the best interests of the child shall be a primary consideration in the adoption and implementation of environmental decisions affecting children.
It says this process should take into account “the specific circumstances that make children uniquely vulnerable in the environmental context”.
This “best interests” approach stands in stark contrast to that taken by the full bench of the Federal Court in Australia. In 2022, the court accepted the federal government’s argument that it has no duty of care for children, and that the best interests principle is not something it ought to consider when making decisions about the environment.
2. Protecting Indigenous children
Indigenous children and their communities are particularly vulnerable to climate change.
For example, a recent study found Indigenous communities in New South Wales were disproportionately exposed to a range of climate extremes such as heat, drought and flooding. They also experienced higher rates of climate-sensitive health conditions and socioeconomic disadvantages.
The comment says states are obliged to ensure the right to life, survival and development of Indigenous children. They are also expected to “engage with Indigenous children and their families in responding to climate change by integrating, as appropriate, Indigenous cultures and knowledge in mitigation and adaptation measures”.
In Australia, it means the state, territory and federal governments have the duty to listen to Indigenous communities – especially to their younger members – and to take their perspective into account when crafting any policy or law that might have an impact on their livelihood and culture.
3. Actions of the business sector
The general comment says governments should require businesses to conduct “due diligence” to assess how their current and future actions might affect the climate and the rights of children.
Where the impacts of a business cross national boundaries, governments are expected to ensure businesses operate at “environmental standards aimed at protecting children’s rights from climate-related harm”.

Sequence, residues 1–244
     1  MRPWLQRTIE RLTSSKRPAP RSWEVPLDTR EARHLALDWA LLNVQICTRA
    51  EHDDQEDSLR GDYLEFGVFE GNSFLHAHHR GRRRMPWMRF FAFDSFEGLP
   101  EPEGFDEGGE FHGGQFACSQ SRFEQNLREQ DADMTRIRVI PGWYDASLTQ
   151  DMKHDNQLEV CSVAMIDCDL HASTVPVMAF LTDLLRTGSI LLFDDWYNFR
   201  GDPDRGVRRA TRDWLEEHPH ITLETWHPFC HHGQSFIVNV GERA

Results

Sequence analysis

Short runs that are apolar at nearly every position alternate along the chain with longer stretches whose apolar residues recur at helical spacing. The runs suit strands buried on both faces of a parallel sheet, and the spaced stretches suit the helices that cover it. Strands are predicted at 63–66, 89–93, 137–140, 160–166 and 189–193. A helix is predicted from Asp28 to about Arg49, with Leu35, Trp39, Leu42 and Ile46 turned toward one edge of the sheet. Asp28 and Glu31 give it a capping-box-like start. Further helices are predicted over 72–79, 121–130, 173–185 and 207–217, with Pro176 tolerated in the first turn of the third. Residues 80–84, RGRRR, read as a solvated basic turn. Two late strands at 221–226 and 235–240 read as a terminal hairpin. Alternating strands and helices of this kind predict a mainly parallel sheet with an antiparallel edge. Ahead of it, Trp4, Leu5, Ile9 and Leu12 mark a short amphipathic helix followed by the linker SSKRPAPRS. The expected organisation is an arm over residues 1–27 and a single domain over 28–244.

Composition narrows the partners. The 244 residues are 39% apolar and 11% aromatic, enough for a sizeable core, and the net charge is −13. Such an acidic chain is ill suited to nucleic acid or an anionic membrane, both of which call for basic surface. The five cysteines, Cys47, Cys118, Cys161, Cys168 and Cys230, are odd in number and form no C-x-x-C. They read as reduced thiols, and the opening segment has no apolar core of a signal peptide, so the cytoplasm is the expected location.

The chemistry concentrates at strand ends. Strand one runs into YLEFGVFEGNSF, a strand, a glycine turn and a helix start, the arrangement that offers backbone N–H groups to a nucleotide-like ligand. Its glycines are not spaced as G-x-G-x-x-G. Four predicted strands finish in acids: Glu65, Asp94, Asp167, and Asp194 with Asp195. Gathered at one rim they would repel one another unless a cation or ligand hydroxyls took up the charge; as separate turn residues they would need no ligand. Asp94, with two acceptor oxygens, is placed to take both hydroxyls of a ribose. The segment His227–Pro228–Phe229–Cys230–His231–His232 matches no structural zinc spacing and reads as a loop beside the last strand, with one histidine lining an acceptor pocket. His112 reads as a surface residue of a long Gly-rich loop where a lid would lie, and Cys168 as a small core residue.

The comment also expects governments to encourage investment in and use of zero-carbon technologies, particularly when the assets are publicly owned or funded. Governments should also protect the rights of children when implementing tax regimes and procuring goods and services from the private sector.
Facing up to the challenge
The general comment makes it clear states should no longer ignore the impacts of the climate crisis on children and future generations because they have legal duties to rectify it.
The UN committee articulates the responsibilities of states and details how children’s rights should be protected by all levels of government. Despite the fact the Convention on the Rights of the Child was adopted decades before environmental rights became a topic of discussion, the new general comment is a good reference for everyone from on-the-ground, grassroots local advocacy groups to international non-government organisations and UN organisations like UNICEF.
In this bold new statement, the committee has pushed the interpretation of the convention almost to the maximum, and like other international treaties, the real test will be in its implementation.
Noam Peleg is a Senior Lecturer in the Faculty of Law and Justice and an Associate of the Australian Human Rights Institute, UNSW Sydney.